How to reach a malnourished child: If at first you don’t succeed, try, try again

Before When young Nicholas Ngumbua was first identified as malnourished his mother was given a food supplement and instructed on its use. Unfortunately, the child became ill from an unrelated infection, and Mom feared the illness was due to the supplement and discontinued it. This family has no transportation and lives so far from the clinic they can not return. Thanks to our Community Health Workers (CHWs) the child was seen again at an outreach clinic. Nicholas’s supplemental feeding program was started again. A complete recovery from malnourishment is expected.

GHP Saves Children’s Development After Malnutrition

Child malnutrition causes not only stunted growth but brain damage. GHP has conducted a novel study of the developmental outcome of children who have been assisted by our therapeutic feeding program. The news is good! 100 “graduates” from the “Feed Hungry Children in Kenya” program have been studied and their mental and physical development is beyond expectations. They are doing well!

Baby Muli lives in a remote Kenyan village. His mother, Angela, brought him to the health center because he was sick and severely underweight. He was placed in the GHP therapeutic feeding program and followed carefully. Angela was given a supply of Plumpy’nut and returned to outreach clinics.

Muli has not only survived, he has thrived. His growth and development is remarkable. He is among the 100 “graduates” from GHP’s therapeutic feeding program enrolled in this development-after-malnutrition study. Muli, his mother Angela, and his entire family are now happy and healthy.

IMG_20150624_125557GHP volunteers, with assistance and funding from the University of New Mexico School of Medicine, are in the process of publishing the results of this unique research. Every child is worth saving.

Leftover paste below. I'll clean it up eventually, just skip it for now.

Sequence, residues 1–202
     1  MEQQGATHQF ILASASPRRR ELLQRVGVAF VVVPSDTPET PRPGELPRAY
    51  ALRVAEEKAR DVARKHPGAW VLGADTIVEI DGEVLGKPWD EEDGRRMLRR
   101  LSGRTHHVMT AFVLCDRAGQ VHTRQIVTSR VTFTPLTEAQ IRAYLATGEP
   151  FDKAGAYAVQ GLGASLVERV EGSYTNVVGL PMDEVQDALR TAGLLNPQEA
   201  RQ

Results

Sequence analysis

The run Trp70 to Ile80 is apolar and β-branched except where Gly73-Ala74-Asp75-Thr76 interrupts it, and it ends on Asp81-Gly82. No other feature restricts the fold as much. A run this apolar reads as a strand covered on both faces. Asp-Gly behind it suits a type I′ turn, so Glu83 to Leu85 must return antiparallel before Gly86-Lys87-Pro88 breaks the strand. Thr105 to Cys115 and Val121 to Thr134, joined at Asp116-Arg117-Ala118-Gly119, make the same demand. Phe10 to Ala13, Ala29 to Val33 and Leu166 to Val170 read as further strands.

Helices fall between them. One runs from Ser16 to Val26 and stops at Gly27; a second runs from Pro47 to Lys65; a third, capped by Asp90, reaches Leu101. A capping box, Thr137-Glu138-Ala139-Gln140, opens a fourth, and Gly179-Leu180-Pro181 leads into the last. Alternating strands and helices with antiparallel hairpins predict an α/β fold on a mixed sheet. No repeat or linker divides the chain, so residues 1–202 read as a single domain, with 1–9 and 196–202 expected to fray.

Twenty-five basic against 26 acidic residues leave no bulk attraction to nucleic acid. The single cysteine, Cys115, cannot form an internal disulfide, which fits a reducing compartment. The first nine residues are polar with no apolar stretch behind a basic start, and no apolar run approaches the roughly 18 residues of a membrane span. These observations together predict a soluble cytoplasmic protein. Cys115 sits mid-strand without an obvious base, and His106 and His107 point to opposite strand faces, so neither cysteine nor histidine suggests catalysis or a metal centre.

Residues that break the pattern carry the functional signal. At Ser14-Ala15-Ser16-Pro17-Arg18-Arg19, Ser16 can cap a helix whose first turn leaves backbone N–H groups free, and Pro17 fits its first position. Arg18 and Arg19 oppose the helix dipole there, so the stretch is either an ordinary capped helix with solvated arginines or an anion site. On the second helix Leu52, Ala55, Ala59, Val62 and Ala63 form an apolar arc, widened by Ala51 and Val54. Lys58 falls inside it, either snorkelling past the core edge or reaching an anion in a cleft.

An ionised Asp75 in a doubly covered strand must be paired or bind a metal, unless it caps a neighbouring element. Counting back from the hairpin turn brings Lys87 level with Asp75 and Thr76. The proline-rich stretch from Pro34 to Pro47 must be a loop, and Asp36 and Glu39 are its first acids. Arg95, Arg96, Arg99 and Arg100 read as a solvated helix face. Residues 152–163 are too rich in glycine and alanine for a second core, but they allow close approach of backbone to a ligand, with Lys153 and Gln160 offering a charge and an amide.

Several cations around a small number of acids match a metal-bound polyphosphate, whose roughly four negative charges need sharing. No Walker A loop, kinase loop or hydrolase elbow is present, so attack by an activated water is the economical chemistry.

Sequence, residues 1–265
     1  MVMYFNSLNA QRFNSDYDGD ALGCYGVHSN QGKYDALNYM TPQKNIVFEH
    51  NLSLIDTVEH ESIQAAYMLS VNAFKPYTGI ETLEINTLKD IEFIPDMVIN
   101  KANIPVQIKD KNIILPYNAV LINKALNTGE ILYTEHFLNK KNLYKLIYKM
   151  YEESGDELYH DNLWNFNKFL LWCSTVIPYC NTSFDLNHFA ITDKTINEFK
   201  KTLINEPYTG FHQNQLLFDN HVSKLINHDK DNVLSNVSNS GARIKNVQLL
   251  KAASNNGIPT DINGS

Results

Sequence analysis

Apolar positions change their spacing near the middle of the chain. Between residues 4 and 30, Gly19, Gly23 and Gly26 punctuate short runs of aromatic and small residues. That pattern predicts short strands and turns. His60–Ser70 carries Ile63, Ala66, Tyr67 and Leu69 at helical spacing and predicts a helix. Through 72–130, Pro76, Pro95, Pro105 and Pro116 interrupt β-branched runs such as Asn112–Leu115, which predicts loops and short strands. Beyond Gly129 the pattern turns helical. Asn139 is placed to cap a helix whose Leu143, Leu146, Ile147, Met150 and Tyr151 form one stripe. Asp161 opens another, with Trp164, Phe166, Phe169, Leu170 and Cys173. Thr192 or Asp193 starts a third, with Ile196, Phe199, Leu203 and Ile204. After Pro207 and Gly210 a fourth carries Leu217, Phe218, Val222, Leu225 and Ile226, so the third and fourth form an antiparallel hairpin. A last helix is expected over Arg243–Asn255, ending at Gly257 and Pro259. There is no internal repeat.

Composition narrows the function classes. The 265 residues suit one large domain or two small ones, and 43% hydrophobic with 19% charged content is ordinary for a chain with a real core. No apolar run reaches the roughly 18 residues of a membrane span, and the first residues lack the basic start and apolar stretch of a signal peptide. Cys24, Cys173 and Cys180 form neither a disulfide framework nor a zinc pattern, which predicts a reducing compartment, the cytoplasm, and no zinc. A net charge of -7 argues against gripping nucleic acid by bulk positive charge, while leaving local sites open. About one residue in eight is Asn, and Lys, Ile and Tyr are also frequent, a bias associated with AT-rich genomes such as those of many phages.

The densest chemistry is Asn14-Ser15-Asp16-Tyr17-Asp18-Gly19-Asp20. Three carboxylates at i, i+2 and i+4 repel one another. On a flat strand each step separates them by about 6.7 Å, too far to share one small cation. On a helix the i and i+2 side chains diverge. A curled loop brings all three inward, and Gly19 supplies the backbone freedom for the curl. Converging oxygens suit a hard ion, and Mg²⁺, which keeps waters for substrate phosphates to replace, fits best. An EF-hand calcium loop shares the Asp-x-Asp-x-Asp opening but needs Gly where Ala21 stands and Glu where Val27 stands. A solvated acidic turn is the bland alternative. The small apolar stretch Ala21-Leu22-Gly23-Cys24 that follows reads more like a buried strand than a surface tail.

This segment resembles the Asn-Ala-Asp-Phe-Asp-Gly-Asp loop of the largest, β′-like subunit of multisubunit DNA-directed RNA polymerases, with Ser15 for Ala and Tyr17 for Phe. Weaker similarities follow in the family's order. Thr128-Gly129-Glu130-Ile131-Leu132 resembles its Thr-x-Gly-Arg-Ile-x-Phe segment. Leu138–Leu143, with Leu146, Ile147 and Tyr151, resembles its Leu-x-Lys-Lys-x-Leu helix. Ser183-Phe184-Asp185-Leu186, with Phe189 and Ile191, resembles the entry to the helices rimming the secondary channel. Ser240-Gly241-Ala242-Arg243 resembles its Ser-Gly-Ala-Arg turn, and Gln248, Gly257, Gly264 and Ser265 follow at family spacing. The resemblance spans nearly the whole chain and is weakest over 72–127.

Right now 22 malnourished children are currently enrolled in the therapeutic feeding program and all of them are recovering.

Please help GHP continue to help malnourished children like Muli. Give what you can to this worthy project of curing child malnutrition.

December 2015 Outreach

In December 2015, 106 people were seen in Mekelingi; 60 were children and 36 women for family planning.  In Syokisinga  55 people attended the clinic,  41 children and 7 family planning.  These monthly out reach clinics assure that residents of the most remote parts of our service area have access to basic health care.  The Outreach clinics are done on the weekends and do not interrupt regular clinic services.




Musembi and fam (1)

Now, with your help, Musembi can go to school.

This past March Musembi Katumbi underwent life changing surgery through the generosity of Global Health Partnerships. Because of developmental deformities of his legs, Musembi could not walk or stand on his own very well. As the oldest of three brothers, the only thing six year old Musembi wants to do is play with his brothers. Thankfully the surgery has given him the freedom to move and play. Although his knees still get weak after play, he is quite happy to be able to move around with limited pain.

Musembi’s desperately poor family is extremely grateful that, thanks to the support of GHP, they are able to have their joyfully shy Musembi back. Attending school is now a reasonable dream for Musembi. He is still too weak to walk 3km daily through rough terrain. His family is seeking support for expenses to get Musembi back and forth to school until he is strong enough to walk.

Your tax deductible gift to Global Health Partnerships will help Musembi and 50,000 more desperately poor people served by GHP.

Please help bright young Musembi go to school for only 50⊄ a week.

Musembi with grandmother (1)
   Musembi Katumbi sitting on Grandmother’s lap


home of infant
The modest Katumbi home

My trip to Kisesini

Just coming to the end of 2 weeks in Kenya..
Today was exciting and very long.
I was called at 4 am to look at a head wound. It was probably a skull fracture and I sent him to the hospital which was an hour away.